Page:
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Human induced pluripotent stem cell (iPSC) -derived mesenchymal stem cells (MSCs)

What is iPSCs?

Induced pluripotent stem cells (iPSCs) are derived from donor skin or blood cells that have been reprogrammed back into an embryonic-like pluripotent state thus enabling the development of an unlimited source of any type of human cell needed for therapeutic purposes. For example, iPSC can be differentiated into beta islet cells to treat diabetes, blood cells to create new blood free of cancer cells for a leukemia patient, immune cells to treat cancers, or neurons to treat neurological disorders.

In 2006, Dr. Sinya Yamanaka first discovered that intact mature cells could be reprogrammed to become immature stem cells (pluripotent stem cells) by introducing only a few genes. The resulting pluripotent stem cells are able to develop into all types of cells in the body. In 2012, Dr. Yamanaka and Dr. John Gurdon were awarded The Nobel Prize in Physiology or Medicine for the discovery that mature cells can be reprogrammed to become pluripotent cells (iPSCs). With this groundbreaking discovery, iPSC research has quickly become the foundation for new regenerative medicines.

iPSC-derived mesenchymal stem cells (iPSC-MSCs) and therapeutic potential

Mesenchymal stem cells (MSCs) are multipotent stromal cells derived from connective tissues, MSCs used in treatments show advantages over other approaches because they constitute a stem cell niche, support the growth of tissue-specific stem cells, and promote tissue regeneration. In addition, exogenous MSCs have shown immunomodulatory and regenerative potential in animal models of autoimmune and inflammatory diseases, as well as in clinical trials to treat these diseases such as Inflammatory Bowel Disease (IBD), COVID-19 related acute respiratory distress syndrome, via local delivery or systemic methods. Of note, MSCs are hypoimmunogenic, and the use of allogeneic MSCs is usually safe. This is because MSCs lack human leukocyte antigen class II antigen expression, which allows allogeneic administration without donor–recipient matching. Despite their promising therapeutic effects, tissue derived MSCs have several weaknesses, such as their limited expansion ability and variation across donors, production standardization difficulty, loss of differentiation capacity, and decreased therapeutic efficacy during expansion.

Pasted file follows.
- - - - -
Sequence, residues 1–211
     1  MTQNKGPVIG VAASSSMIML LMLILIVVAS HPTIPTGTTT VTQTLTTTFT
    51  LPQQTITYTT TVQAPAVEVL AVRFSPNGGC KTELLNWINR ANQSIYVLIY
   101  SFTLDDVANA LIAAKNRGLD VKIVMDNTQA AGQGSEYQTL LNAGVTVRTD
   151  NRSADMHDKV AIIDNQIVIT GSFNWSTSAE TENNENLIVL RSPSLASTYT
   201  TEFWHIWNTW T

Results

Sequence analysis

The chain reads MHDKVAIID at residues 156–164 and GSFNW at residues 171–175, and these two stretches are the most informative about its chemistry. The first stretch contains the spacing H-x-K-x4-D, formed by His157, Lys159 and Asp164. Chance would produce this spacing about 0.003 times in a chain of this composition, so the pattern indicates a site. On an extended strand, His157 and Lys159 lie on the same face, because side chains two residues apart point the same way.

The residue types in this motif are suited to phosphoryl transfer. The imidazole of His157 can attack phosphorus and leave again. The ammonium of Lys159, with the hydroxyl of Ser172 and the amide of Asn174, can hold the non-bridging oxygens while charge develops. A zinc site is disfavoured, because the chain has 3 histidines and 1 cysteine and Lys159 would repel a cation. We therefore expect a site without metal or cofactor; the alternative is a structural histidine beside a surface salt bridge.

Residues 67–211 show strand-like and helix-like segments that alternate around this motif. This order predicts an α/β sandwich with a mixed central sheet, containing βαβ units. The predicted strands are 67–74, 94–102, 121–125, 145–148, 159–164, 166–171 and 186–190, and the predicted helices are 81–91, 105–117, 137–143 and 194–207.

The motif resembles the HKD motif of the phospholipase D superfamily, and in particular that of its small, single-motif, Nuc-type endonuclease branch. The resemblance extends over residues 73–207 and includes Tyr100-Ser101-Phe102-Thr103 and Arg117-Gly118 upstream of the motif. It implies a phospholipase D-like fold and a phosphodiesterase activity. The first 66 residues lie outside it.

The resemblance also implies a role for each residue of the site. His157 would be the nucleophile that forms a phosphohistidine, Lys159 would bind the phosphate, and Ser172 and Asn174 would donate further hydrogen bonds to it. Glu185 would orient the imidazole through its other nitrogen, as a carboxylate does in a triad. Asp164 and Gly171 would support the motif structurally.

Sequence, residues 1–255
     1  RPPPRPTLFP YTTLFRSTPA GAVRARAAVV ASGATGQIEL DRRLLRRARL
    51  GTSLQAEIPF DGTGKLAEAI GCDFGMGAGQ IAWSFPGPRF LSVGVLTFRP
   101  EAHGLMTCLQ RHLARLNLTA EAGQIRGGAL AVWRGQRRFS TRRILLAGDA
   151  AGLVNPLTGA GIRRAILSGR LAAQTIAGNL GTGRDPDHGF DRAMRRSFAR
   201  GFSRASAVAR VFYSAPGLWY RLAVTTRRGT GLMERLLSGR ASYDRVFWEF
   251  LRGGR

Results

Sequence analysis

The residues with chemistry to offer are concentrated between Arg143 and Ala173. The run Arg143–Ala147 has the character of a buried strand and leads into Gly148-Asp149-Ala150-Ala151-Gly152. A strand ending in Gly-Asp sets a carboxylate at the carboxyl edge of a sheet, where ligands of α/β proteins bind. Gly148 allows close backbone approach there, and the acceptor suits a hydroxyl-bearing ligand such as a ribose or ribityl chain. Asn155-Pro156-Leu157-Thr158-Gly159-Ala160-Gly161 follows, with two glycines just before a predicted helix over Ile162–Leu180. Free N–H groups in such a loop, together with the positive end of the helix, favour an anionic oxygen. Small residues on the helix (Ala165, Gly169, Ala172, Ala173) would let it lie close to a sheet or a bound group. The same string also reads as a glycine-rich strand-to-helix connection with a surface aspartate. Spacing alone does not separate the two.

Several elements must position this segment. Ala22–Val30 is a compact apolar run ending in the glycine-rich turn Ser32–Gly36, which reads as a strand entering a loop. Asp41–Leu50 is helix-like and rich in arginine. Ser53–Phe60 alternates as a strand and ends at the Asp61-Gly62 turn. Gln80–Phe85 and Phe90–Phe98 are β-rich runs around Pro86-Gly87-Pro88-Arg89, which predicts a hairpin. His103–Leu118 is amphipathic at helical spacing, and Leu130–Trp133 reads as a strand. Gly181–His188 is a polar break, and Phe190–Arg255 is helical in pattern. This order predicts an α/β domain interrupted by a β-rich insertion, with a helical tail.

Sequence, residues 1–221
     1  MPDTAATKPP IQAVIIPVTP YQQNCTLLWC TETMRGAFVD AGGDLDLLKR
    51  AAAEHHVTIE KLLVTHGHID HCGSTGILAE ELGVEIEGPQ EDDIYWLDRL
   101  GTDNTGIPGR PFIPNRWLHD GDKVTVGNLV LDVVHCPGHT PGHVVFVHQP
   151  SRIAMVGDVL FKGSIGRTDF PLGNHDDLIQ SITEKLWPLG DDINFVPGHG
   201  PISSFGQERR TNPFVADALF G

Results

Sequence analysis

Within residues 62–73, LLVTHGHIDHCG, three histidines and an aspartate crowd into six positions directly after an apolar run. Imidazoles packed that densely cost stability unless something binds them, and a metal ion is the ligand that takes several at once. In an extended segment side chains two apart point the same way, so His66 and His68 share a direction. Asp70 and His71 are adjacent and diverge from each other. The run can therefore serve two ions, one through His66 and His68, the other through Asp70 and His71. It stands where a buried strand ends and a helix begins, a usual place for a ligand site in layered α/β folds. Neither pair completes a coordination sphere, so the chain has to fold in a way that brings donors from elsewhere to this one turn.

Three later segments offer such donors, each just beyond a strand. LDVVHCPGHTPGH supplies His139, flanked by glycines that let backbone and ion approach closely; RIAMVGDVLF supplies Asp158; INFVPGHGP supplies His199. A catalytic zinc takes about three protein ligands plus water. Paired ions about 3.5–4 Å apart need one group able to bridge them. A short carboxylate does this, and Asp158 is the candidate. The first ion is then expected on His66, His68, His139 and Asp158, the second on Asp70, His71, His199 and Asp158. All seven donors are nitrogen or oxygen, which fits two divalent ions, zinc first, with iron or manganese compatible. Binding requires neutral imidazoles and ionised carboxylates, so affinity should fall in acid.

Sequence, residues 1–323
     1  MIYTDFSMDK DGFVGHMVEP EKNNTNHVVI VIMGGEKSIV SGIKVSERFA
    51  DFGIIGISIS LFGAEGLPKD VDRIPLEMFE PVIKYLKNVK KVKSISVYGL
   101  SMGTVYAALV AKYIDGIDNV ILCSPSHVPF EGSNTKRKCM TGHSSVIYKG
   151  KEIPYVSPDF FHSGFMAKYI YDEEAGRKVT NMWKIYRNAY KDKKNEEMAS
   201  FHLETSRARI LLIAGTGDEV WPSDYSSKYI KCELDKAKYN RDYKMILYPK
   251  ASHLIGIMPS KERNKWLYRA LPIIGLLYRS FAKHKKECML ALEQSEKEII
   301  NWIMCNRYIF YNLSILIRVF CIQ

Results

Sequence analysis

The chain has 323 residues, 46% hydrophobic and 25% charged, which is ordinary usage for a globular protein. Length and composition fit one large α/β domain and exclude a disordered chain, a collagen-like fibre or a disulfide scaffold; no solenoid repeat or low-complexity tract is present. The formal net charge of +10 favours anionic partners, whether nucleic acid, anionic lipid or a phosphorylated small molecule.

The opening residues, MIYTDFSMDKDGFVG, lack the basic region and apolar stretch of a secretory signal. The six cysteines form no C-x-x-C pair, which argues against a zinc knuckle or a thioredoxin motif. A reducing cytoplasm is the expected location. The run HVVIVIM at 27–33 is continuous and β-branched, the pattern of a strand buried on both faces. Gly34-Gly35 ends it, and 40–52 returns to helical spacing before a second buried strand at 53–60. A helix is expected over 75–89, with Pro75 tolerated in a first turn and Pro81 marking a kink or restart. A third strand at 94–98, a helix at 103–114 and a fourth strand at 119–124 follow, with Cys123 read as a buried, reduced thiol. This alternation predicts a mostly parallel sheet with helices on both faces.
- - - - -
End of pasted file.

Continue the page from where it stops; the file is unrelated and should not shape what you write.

iPSCs have the potential to overcome these challenges, due to their capacity for multilineage differentiation and indefinite proliferation. Human iPSCs can be induced to differentiate into MSCs following a clinically compliant protocol (see below diagram). These iPSC-derived MSCs, called iPSC-MSCs, show greater expandability and therefore offer potential for use in tissue repair therapies.

The therapeutic potential of iPSC-MSCs have been shown in many animal models, for example in the models of IBD on mucosal healing. Human clinical trials of iPSC-derived cells have not previously been completed. For example, CYP-001 (iPSC-derived MSCs) is produced using an optimized, good manufacturing practice (GMP)-compliant manufacturing process. a phase 1, open-label clinical trial (no. NCT02923375) was conducted in subjects with steroid refractory acute graft-versus-host disease (SR-aGvHD). CYP-001 was safe and well tolerated. No serious adverse events were assessed as related to CYP-001. Overall response (OR), complete response (CR) and overall survival (OS) rates by day 100 were 86.7, 53.3 and 86.7%, respectively. The therapeutic application of iPSC-derived MSCs may now be explored in diverse inflammatory and immune-mediated diseases.


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